I’m going to engage in some mild “whatabout”ism regarding our (my?) reaction to the fire in Paris.
Dropping canisters of high explosive onto other people’s holy spots and cultural artifacts is “business as usual” for homo sapiens. Can I say “at least what happened in Paris was an accident?”
A little research tells me that Raqqa, which the US and its allies pretty much bombed flat, had around 60 mosques that were damaged or destroyed, including the Al Quadim (great mosque) and a bunch of churches. There was another famous mosque in Mosul, the Al Nouri, which was also blown up.
It seems, in other words, that these holy places are not loved by the gods. Or, too often, they are hated by other believers.
According to Wikipedia, there are 190+ churches in Paris, and doubtless a few mosques as well. Well, at least they’re not as bad a waste of space as golf.
That looks like a heck of a lot of unpleasant hard work. It appears that they’re rebuilding the dome out of steel-reinforced concrete, which is probably a good idea given the amount of high explosive that gets aimed at mosques in the middle east nowadays. It occurs to me that rebuilding your mosque or temple or church from battle-damage is probably the other characteristic thing one does with one’s temple aside from weddings and the occasional ceremony. As someone pointed out, Notre Dame was under construction or some form of repair for 800 years. That stacks up at par with the Hagia Sophia or Acropolis.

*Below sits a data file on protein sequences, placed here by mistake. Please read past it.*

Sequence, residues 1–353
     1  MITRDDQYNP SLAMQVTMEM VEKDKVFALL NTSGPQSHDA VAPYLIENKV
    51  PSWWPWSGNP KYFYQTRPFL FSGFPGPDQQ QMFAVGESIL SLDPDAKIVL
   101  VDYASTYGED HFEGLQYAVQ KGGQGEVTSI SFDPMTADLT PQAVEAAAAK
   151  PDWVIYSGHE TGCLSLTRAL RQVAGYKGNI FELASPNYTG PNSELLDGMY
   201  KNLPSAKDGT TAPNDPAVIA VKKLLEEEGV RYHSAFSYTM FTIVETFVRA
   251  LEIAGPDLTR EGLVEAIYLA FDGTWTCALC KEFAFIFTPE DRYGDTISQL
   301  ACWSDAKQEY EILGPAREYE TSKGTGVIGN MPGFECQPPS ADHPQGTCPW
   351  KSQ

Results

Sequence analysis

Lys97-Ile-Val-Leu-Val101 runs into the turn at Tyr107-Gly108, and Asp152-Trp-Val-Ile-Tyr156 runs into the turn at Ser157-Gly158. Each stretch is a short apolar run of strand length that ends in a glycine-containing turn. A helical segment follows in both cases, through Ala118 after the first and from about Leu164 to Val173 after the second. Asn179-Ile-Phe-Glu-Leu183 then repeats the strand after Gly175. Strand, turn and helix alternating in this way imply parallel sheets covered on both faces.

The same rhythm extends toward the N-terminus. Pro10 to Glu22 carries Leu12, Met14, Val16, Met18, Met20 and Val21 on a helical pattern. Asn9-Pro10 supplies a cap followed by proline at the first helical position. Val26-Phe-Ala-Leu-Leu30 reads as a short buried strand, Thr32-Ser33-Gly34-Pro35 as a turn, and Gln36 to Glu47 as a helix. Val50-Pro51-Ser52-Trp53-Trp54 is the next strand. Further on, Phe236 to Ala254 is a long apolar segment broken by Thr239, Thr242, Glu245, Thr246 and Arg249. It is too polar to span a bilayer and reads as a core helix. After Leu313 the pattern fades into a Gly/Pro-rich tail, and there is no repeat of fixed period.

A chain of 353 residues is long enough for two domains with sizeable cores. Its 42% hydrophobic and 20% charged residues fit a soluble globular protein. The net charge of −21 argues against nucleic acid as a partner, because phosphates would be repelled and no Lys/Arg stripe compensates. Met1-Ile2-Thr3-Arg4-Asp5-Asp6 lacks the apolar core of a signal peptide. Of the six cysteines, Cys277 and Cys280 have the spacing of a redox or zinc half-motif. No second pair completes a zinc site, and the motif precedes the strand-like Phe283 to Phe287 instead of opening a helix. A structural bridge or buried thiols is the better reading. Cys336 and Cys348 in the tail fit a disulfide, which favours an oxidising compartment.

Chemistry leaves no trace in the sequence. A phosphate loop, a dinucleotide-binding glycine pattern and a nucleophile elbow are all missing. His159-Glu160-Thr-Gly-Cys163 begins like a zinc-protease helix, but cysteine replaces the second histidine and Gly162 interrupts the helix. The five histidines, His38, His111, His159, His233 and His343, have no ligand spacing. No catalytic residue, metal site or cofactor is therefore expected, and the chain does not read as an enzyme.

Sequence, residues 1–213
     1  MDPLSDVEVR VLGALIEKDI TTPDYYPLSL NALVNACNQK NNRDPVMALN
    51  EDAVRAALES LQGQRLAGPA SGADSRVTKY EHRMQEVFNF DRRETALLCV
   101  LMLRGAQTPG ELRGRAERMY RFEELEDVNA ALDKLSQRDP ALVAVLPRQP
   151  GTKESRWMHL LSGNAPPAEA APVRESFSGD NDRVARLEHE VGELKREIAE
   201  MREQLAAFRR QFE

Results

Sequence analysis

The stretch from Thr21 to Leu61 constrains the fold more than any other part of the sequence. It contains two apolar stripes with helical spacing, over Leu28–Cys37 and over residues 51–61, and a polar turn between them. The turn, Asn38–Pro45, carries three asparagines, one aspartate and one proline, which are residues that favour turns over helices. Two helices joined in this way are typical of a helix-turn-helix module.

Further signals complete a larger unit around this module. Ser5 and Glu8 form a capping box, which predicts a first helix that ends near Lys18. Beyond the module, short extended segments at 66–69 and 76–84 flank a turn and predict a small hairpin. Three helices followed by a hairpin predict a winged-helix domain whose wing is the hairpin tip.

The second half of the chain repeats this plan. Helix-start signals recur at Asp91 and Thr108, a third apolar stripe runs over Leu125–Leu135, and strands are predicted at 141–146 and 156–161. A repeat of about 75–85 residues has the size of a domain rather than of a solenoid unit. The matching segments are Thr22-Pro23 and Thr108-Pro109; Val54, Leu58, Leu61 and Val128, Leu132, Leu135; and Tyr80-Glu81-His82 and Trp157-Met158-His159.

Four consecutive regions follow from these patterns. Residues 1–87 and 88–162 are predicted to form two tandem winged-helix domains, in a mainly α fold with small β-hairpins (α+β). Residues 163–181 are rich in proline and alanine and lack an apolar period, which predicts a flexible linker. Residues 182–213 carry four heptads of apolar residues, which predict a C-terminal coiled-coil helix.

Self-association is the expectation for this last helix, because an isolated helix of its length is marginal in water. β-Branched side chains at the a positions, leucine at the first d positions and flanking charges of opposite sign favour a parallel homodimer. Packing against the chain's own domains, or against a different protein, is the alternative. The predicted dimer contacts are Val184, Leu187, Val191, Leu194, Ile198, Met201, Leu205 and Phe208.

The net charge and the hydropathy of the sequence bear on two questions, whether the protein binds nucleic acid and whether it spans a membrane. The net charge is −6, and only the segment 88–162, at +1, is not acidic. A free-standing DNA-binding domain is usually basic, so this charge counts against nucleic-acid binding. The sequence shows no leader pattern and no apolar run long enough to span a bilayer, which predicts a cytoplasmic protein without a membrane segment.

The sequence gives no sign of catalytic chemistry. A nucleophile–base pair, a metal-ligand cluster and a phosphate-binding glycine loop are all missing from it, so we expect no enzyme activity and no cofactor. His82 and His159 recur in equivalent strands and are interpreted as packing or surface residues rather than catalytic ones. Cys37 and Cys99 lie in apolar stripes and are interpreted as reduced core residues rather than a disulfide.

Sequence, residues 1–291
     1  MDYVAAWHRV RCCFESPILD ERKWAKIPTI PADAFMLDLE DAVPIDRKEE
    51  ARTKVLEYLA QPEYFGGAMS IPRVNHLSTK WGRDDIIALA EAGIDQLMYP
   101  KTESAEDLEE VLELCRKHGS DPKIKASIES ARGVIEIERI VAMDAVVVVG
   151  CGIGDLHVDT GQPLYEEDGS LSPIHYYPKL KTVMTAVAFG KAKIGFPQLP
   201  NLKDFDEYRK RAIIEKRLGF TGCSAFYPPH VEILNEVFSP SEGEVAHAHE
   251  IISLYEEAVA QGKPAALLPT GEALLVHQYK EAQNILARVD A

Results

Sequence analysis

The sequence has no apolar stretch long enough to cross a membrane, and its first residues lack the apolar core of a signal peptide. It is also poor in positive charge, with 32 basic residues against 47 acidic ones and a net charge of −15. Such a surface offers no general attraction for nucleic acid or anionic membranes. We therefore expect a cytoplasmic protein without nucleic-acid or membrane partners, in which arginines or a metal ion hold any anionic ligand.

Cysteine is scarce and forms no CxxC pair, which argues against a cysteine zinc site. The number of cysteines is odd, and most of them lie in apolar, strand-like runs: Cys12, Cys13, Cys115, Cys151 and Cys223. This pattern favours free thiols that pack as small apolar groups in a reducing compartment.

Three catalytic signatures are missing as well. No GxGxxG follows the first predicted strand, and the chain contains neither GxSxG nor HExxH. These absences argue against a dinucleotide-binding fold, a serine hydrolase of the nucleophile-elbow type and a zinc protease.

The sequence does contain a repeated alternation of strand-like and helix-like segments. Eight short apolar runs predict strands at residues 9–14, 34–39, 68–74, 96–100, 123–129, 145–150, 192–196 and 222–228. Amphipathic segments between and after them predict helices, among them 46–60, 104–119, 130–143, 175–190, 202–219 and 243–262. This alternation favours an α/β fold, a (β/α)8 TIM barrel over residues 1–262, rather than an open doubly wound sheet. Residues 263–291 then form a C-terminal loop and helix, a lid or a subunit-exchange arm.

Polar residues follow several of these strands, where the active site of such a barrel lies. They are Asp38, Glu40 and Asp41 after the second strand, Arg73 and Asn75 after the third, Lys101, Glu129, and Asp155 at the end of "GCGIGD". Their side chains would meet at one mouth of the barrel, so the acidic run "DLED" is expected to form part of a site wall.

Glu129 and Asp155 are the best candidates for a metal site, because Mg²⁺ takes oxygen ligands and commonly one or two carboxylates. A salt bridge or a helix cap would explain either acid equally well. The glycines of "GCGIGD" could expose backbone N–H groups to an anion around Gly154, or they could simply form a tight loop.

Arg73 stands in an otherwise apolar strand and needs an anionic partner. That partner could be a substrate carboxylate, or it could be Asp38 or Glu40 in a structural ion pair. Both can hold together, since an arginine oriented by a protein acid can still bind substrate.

Upon review, I realize that I did not make the connection adequately clear: France’s reaction to the terror attack in Paris of Nov, 2015, was to bomb Raqqa [nyt] – a city full of civilians, just like Paris. I don’t know if the French air strikes hit any mosques; I’m sure the French would claim they were precision strikes that only hit military targets, amirite? As of this morning over $1bn in reconstruction aid has been pledged for Notre Dame, I have no idea how much has been raised to repair the mosques in Mosul and Raqqa.
I hope this does not trigger shouts of “TOO SOON!” but this caption gave me a well-needed laugh yesterday. Maybe my sense of humor needs renovation, too. This is from The Guardian: